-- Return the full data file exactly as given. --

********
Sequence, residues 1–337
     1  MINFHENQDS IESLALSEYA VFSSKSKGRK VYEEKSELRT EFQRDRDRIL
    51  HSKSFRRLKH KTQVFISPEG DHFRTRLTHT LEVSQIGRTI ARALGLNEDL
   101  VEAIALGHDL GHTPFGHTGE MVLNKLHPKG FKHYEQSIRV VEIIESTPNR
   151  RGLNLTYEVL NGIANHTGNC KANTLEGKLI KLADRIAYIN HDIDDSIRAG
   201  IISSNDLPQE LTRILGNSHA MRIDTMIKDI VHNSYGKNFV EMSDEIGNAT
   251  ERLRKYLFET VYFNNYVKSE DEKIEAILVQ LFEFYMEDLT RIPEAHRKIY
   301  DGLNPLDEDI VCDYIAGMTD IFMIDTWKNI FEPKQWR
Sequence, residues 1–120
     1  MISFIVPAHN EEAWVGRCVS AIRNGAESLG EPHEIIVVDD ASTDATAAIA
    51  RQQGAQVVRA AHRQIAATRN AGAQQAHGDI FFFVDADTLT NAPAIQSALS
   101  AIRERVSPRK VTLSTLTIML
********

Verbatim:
Sequence, residues 1–337
     1  MINFHENQDS IESLALSEYA VFSSKSKGRK VYEEKSELRT EFQRDRDRIL
    51  HSKSFRRLKH KTQVFISPEG DHFRTRLTHT LEVSQIGRTI ARALGLNEDL
   101  VEAIALGHDL GHTPFGHTGE MVLNKLHPKG FKHYEQSIRV VEIIESTPNR
   151  RGLNLTYEVL NGIANHTGNC KANTLEGKLI KLADRIAYIN HDIDDSIRAG
   201  IISSNDLPQE LTRILGNSHA MRIDTMIKDI VHNSYGKNFV EMSDEIGNAT
   251  ERLRKYLFET VYFNNYVKSE DEKIEAILVQ LFEFYMEDLT RIPEAHRKIY
   301  DGLNPLDEDI VCDYIAGMTD IFMIDTWKNI FEPKQWR
Sequence, residues 1–120
     1  MISFIVPAHN EEAWVGRCVS AIRNGAESLG EPHEIIVVDD ASTDATAAIA
    51  RQQGAQVVRA AHRQIAATRN AGAQQAHGDI FFFVDADTLT NAPAIQSALS
   101  AIRERVSPRK VTLSTLTIML